Study reveals impact of remote e-lending

Pilot study in English public libraries reveals that remote e-lending is popular with older, more affluent users but could reduce library footfall; best-selling titles accounted for over one-third of loans.

A pilot study of remote e-lending in English public libraries has revealed that such services may drive up e-lending and generate new users, but are likely to appeal to an older, more affluent group of borrowers.

The study was jointly commissioned by the Society of Chief Librarians and The Publishers Association, and funded via the British Library Trust and Arts Council England, following a recommendation of the Sieghart Review into E-Lending in Public Libraries. The research had three aims: to examine borrowers’ behaviour and attitudes in order to assess the demand for remote e-book borrowing; to understand the likely impact of ebook lending on the book trade and authors; and to consider the implications of e-book lending for the library service in general.

Publishers made 893 titles available for borrowing, all of which were considered to be frontlist and 150 of which were released while the pilot was taking place – titles which had largely been unavailable to libraries’ e-book collections. In order to mimic physical loans, only one e-book ‘copy’ could be lent to only one library user at a time; and users had to return the e-books after either seven or twenty-one days.

The pilot did stimulate the borrowing of ebooks, with pilot collection titles being more popular than the authorities’ existing collections, and new users signing up to the service. The report cites positive reactions from users who described the scheme as “a great new development”, and “safeguarding the future of libraries”.

Initial take-up was relatively low: ebook downloads accounted for less than 5% of all fiction borrowing in the participating authorities and new users represented under 5% of active borrowers. In the four authorities, e-lending from the pilot collections declined during the course of the pilot.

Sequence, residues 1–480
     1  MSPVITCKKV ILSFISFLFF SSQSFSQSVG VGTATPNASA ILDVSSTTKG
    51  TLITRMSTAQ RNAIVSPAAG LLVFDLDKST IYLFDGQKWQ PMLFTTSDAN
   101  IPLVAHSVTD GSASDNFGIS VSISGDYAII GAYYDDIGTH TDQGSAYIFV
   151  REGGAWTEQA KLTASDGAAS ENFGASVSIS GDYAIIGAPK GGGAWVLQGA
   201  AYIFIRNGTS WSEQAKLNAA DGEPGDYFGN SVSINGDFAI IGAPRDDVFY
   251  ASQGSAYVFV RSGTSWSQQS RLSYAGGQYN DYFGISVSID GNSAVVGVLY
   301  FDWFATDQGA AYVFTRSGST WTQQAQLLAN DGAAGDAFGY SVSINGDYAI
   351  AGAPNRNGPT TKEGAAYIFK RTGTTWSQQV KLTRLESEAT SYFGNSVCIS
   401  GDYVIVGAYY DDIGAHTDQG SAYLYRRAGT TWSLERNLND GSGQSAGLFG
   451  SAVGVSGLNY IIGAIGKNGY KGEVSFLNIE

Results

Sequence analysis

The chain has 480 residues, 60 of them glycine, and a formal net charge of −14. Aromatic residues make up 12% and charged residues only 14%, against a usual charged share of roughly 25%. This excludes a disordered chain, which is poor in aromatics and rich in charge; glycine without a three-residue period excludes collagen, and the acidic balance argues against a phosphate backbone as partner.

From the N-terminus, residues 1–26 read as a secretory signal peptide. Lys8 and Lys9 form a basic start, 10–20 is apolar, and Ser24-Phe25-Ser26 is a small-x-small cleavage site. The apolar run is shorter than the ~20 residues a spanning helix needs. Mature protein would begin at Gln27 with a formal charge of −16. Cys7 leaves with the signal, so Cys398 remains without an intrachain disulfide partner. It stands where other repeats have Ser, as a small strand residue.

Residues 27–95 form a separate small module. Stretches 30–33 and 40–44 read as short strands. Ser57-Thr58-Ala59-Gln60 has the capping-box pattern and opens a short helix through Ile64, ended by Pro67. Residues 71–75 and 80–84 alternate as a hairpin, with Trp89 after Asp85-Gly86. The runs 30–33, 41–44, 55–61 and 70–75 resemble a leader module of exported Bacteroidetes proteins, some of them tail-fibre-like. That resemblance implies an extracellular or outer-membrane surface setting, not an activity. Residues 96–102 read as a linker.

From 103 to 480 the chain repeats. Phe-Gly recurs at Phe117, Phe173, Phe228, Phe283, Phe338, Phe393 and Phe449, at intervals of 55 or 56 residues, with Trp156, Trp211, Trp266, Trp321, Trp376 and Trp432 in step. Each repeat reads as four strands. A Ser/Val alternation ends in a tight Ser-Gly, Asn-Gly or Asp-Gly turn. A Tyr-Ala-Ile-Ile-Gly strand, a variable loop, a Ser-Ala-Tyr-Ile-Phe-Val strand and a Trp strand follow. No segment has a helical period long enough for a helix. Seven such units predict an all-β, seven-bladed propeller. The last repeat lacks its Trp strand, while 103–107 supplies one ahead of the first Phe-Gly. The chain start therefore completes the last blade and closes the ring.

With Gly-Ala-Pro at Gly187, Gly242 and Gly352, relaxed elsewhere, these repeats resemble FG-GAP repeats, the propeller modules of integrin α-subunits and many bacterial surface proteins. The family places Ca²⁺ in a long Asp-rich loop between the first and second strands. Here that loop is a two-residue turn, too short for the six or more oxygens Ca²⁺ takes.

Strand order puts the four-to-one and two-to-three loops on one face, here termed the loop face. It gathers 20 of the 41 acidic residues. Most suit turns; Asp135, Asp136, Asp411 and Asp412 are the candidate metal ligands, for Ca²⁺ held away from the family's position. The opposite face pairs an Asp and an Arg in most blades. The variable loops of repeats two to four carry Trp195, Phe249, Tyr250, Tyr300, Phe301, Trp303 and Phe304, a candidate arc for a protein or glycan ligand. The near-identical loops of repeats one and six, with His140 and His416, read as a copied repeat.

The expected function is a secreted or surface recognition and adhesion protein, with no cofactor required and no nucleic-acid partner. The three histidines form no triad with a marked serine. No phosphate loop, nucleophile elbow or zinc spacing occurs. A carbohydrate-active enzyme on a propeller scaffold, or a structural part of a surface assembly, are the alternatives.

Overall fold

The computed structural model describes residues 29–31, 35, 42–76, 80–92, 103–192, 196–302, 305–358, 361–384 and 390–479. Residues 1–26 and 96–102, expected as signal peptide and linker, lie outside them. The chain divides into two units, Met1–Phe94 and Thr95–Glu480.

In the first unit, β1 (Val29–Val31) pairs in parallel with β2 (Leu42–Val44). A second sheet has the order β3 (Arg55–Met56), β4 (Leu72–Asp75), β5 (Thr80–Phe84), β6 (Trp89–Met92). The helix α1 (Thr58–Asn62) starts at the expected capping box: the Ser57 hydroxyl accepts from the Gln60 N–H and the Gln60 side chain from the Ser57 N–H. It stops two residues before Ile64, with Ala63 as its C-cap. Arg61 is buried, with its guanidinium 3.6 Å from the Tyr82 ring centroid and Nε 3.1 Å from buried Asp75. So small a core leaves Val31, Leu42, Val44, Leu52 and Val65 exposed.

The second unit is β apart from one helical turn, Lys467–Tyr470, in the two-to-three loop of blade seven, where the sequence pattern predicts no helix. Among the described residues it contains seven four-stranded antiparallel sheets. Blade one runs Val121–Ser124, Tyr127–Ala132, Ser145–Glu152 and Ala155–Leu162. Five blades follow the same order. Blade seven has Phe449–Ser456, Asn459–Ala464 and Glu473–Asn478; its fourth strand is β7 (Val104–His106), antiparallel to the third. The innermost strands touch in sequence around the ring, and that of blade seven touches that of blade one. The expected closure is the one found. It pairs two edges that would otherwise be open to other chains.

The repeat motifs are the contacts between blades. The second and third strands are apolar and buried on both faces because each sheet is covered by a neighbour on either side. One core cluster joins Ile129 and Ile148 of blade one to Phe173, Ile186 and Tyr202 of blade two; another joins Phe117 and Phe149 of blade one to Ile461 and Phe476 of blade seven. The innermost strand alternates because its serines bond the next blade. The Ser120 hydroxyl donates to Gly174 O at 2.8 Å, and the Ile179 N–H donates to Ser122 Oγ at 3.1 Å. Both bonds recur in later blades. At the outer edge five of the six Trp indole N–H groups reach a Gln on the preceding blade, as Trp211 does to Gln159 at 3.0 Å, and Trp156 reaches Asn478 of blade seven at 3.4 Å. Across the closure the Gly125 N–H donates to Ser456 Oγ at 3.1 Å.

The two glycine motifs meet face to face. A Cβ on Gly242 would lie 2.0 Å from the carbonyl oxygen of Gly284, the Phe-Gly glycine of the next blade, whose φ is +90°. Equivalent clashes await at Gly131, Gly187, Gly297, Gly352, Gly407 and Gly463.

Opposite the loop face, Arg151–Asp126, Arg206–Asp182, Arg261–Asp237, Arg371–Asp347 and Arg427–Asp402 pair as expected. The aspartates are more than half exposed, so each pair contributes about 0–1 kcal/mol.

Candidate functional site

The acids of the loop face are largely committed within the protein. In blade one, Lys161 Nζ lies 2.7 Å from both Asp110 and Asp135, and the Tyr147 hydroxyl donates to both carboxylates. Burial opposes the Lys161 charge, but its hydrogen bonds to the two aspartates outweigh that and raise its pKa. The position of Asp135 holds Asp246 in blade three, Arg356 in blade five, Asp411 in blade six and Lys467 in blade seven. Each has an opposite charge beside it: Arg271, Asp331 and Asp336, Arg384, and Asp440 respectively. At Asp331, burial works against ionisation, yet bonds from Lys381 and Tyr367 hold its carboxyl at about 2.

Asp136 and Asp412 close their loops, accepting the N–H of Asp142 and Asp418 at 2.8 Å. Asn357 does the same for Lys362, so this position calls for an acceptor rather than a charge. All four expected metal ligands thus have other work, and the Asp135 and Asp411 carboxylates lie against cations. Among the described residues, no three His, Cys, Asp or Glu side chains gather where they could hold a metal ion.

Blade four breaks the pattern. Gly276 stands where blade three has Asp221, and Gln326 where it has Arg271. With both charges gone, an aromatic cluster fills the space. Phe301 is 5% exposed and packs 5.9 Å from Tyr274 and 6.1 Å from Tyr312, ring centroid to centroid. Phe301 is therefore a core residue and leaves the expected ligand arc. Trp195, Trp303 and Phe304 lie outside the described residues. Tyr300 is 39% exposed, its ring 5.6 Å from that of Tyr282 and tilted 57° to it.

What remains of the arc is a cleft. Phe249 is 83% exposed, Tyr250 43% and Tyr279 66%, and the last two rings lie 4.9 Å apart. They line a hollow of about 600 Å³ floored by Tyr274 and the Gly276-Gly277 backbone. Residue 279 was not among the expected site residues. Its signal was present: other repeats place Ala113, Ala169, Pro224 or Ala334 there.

The most popular 10% of titles accounted for up to 36% of the loans, suggesting that an offering of bestsellers would attract more users and more borrowing. At the same time 95% of e-book borrowers said a greater range of titles would encourage them to borrow more.

The study found that e-lending users were older, more affluent, and less likely to visit their local libraries than were other library users. 68% were over the age of 45 (compared to 47% of all UK library visitors). They were most likely to discover the e-book service by browsing on the library website, and they said that browsing and borrowing from home was their most favoured reason for using the service.

The four local authorities taking part in the study were Derbyshire County Council, Newcastle County Council, Peterborough City Council, and the Royal Borough of Windsor and Maidenhead. The titles accounted for up to 35% of the four authorities’ total stocks of e-books, though in Derbyshire the figure was only 9%. However, the report points out that, even with the new titles, e-books made up less than 5% of the authorities’ total fiction collections – a figure that should be borne in mind when assessing the apparently low levels of borrowing recorded in the study.

The pilot report can be downloaded here.